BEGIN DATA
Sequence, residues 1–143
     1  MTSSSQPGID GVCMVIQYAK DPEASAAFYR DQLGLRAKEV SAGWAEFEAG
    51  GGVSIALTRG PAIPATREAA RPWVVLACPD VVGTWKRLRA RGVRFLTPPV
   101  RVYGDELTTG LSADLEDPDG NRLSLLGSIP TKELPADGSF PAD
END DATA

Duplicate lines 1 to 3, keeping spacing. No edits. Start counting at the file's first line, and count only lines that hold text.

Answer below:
Sequence, residues 1–143
     1  MTSSSQPGID GVCMVIQYAK DPEASAAFYR DQLGLRAKEV SAGWAEFEAG
    51  GGVSIALTRG PAIPATREAA RPWVVLACPD VVGTWKRLRA RGVRFLTPPV